Travelogue: Updates on World Monuments Fund in Mexico
Since the devastating earthquake of 1985, World Monuments Fund (WMF) has been working with partners in Mexico to preserve the country’s extraordinary cultural heritage, engaging in 62 projects at 32 sites spanning 17 Mexican states.
I was delighted last month to travel there with Lorna Goodman, Chair of WMF’s Board of Trustees, and Stephanie Ortiz, WMF Regional Director for Latin America and the Caribbean, to visit some of our project sites, meet with our partners, and develop our vision for WMF’s future in the country.
Our first stop was Teotihuacan. Since 1998, WMF has completed multiple projects there, including emergency interventions at the Temple of Quetzalcoatl. Today, following the site’s inclusion on the 2022 World Monuments Watch, we are focusing on tourism management and ensuring that nearby communities benefit from its annual influx of four million visitors.
A particular highlight of our visit was exploring one of the most important archeological discoveries made in recent years: a nearly 18-meter-deep tunnel below the Temple of Quetzalcoatl representing the underworld.
Next, we met with our partners at Canal Nacional in Mexico City. Among the last of ancient Tenochtitlan’s network of waterways, the site was included on the 2020 Watch to celebrate the residents that have long championed it despite limited resources. Since then, we have been working together to revitalize and help guide its rehabilitation. It was a privilege to spend a day at their side in this oasis of calm and nature in the city.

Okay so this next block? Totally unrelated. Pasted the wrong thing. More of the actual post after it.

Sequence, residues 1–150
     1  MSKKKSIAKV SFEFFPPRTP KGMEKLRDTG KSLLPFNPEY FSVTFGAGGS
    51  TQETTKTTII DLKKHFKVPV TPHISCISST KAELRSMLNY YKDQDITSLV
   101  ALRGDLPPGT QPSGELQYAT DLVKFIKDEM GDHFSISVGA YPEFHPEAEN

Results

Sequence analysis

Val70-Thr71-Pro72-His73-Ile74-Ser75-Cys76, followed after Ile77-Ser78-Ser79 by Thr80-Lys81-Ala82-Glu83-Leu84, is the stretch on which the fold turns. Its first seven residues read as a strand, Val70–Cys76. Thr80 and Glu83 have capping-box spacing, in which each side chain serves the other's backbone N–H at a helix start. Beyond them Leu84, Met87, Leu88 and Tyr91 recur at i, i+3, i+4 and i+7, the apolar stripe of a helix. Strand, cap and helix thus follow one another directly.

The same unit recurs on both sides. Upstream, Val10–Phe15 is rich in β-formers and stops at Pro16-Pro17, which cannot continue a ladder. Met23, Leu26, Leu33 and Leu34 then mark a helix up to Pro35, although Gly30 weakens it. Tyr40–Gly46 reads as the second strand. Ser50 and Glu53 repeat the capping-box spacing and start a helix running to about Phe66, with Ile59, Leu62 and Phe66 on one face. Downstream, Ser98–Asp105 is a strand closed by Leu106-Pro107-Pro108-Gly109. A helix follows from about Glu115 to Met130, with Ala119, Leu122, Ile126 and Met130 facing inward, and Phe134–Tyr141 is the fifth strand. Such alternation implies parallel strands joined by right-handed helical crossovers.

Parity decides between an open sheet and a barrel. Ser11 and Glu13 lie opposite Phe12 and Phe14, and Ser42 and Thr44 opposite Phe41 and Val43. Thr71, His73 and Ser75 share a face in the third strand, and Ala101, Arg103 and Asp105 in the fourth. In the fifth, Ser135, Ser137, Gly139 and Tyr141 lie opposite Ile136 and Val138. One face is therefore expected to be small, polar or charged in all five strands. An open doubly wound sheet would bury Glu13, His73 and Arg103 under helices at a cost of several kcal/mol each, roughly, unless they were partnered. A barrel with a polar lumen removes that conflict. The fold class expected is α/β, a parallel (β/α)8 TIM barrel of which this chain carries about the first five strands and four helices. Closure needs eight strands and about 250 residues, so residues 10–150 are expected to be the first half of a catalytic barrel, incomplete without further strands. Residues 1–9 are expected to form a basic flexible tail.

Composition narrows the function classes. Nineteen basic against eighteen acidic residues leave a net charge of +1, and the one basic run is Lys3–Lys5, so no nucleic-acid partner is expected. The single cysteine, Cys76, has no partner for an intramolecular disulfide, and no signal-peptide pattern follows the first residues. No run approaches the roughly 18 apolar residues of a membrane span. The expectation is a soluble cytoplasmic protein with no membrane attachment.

Our trip also coincided with Día de los Muertos festivities and Design Week Mexico. Discovering the work of contemporary Mexican designers inspired by traditional crafts was the perfect complement to a week dedicated to Mexico’s rich cultural heritage.
I am so grateful to our partners and supporters in Mexico, such as the Roberto Hernández Family, Fomento Cultural Banamex, American Express, Mexico Territorio Creativo, and the National Institute of Anthropology and History. A special thanks as well to Lorna Goodman for her generous support and to WMF Junior Board’s Aline Orrantia and Christopher, Dowd who gathered a vibrant group of culture enthusiasts for a lovely reception in Mexico City.
For more details on WMF’s work in Mexico or my travels, I invite you to visit this page as well as my Instagram and Facebook profiles.
Bénédicte de Montlaur
President and CEO
World Monuments Fund’s work at Teotihuacan is supported, in part, by the Bernard Selz Foundation, American Express, and Mexico’s National Institute of Anthropology and History. World Monuments Fund’s work at Canal Nacional is supported, in part, by American Express.